Author ORCID Identifier

Date Available


Year of Publication


Degree Name

Doctor of Philosophy (PhD)

Document Type

Doctoral Dissertation




Microbiology, Immunology, and Molecular Genetics

First Advisor

Dr. Gerhard Carl Hildebrandt

Second Advisor

Dr. Subbarao Bondada


Hematopoietic stem cell transplantation (HSCT) is most commonly a treatment for inborn defects of hematopoiesis or acute leukemias. Widespread use of HSCT, a potentially curative therapy, is hampered by onset of graft-versus-host-disease (GVHD), a condition wherein the donor cells recognize the patient tissues as non-self. GVHD can manifest anywhere from weeks to decades post-transplant and is classified as either acute or chronic GVHD, both of which are significant causes of transplant-related morbidity and mortality.

However, GVHD is a complex, multifactorial, and enigmatic disease. The factors driving GVHD at the cellular and molecular level are incompletely understood. Immunosuppression targeting T-cells has not always been effective and increases the risk of relapse. Prophylactic immunosuppression can be particularly detrimental in the context of cGVHD, where symptoms can appear even decades after transplant. There is great need to further understand the mechanisms of GVHD pathogenesis in order to more effectively make use of HSCT.

Mast cells are an arm of the immune system that are primarily known for their role in atopic disease. However, recent studies have demonstrated new paradigms for mast cell activity, showing that they can play important roles in tissue homeostasis and wound healing. Therefore, the purpose of this dissertation is to explore the role of mast cells in the onset of fibrotic chronic GVHD. We hypothesized that mast cells, through their interactions with tissue-resident and circulating GVHD effector cells, would be detrimental in chronic GVHD by exerting proinflammatory and profibrotic effects on the surrounding tissue. We examined mast cells in vitro in mono- and co-culture models, finding that they are significantly resistant to conditioning-induced cell death, as well as capable of inducing proliferation of fibroblasts. We further tested our hypothesis in vivo in murine models of allogeneic transplant using both wild type and mast cell-deficient mice. Compared to wild type recipients, mast cell-deficient recipients had significant reductions in GVHD symptomology and skin manifestations, as well as in chemokine levels and immune cell recruitment in the skin. We show that mast cell chemokine production is blocked by drugs currently used clinically to treat chronic GVHD, and that skin from GVHD patients is enriched in mast cells. Lastly, we show that recipient-derived mast cells are capable of surviving after transplant.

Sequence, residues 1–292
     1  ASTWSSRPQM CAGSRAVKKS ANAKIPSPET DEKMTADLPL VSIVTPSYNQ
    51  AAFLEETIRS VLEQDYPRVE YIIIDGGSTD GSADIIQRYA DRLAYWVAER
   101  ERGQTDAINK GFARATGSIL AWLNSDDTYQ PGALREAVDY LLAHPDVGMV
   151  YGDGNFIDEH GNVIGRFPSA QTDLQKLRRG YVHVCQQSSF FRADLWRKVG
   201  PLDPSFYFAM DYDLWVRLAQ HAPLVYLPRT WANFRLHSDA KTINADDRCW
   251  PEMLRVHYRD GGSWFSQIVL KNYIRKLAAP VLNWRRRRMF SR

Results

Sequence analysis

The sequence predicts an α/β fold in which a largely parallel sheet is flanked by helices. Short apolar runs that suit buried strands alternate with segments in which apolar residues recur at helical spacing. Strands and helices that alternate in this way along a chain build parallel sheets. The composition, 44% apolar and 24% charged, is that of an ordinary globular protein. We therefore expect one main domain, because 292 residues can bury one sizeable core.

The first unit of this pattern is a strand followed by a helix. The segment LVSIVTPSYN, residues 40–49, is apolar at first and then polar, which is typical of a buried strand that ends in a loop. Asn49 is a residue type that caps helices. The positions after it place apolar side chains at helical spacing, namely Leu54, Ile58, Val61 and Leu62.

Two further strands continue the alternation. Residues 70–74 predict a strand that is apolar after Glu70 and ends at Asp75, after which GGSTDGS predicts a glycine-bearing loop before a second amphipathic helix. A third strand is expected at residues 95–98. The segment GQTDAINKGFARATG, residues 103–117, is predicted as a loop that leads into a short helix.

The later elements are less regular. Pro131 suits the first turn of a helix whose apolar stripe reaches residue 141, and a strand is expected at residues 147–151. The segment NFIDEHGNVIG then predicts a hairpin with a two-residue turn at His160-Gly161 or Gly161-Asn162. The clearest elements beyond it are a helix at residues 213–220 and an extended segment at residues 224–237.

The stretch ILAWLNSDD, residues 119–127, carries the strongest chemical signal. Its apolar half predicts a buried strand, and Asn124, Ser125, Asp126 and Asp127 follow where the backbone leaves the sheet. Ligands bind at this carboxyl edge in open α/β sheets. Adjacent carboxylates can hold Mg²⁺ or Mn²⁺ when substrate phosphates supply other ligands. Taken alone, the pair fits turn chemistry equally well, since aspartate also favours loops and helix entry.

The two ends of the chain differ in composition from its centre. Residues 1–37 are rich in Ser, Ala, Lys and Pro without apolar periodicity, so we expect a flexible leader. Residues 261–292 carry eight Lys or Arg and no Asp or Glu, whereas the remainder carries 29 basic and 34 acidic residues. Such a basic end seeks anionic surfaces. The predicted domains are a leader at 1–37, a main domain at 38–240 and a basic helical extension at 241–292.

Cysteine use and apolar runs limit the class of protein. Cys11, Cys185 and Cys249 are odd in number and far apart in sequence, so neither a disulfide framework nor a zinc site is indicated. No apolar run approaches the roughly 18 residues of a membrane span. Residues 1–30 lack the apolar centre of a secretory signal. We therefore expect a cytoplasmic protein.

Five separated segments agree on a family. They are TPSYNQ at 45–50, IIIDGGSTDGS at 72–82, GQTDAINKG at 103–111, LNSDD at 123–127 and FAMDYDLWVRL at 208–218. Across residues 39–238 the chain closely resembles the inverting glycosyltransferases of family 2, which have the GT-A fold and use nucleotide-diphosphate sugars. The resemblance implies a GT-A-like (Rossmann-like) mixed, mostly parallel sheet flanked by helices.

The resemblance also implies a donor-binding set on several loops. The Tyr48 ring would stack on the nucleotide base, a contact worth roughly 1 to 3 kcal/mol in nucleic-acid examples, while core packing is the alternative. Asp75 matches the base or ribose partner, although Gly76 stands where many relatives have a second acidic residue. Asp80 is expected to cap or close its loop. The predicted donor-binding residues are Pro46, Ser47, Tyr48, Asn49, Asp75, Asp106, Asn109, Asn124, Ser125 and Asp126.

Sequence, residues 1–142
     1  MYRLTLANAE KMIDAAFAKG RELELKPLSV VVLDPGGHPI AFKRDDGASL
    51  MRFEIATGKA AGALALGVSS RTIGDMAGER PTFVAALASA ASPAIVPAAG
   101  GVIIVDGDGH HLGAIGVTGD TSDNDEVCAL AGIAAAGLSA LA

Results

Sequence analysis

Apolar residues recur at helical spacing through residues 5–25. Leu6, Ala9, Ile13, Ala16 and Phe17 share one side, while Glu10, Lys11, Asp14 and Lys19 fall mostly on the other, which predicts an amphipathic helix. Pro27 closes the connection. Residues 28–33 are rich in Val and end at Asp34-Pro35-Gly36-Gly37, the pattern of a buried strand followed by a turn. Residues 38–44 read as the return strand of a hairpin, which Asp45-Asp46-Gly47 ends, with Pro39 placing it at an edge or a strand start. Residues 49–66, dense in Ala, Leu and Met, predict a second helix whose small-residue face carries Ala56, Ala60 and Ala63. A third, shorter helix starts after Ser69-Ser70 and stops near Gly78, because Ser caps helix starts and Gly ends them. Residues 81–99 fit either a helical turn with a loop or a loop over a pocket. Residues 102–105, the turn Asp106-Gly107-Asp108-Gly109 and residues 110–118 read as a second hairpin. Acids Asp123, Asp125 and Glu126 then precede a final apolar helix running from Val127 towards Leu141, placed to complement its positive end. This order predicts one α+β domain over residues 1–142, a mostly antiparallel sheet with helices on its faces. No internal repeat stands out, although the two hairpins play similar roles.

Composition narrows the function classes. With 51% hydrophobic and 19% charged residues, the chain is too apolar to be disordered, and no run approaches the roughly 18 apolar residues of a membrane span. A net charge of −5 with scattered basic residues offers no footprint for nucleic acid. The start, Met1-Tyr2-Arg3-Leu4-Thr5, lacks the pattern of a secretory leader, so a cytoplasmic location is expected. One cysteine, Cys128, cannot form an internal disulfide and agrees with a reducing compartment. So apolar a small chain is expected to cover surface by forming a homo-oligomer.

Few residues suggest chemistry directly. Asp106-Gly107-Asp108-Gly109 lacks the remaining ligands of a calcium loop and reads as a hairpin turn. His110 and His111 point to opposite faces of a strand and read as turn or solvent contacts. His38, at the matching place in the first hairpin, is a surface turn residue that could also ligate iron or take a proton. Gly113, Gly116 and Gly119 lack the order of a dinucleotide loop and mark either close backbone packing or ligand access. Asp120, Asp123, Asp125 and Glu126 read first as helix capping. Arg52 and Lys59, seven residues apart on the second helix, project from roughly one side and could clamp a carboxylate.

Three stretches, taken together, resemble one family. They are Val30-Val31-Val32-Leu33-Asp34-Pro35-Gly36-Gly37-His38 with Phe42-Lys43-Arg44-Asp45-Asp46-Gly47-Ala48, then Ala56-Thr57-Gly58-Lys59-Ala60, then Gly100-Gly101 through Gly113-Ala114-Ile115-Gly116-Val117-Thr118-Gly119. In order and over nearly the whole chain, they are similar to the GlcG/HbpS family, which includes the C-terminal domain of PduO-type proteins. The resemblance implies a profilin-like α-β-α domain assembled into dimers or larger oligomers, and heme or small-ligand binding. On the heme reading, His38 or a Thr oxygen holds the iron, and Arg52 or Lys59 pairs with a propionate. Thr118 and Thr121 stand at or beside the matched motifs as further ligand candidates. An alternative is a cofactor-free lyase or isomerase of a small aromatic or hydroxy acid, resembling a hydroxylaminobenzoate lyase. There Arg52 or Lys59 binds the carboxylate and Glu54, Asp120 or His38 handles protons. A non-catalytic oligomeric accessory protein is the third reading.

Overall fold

Taken together, these data demonstrate a role for mast cells in the onset of dermal chronic GVHD. We therefore outline methods and pathways by which mast cells could be targeted for therapeutic inhibition and discuss future studies that would further clarify the function of mast cells in chronic GVHD pathogenesis.

Digital Object Identifier (DOI)

Funding Information

Funding received from 2016-2020 was from laboratory startup funds of Gerhard Hildebrandt, awarded by the University of Kentucky.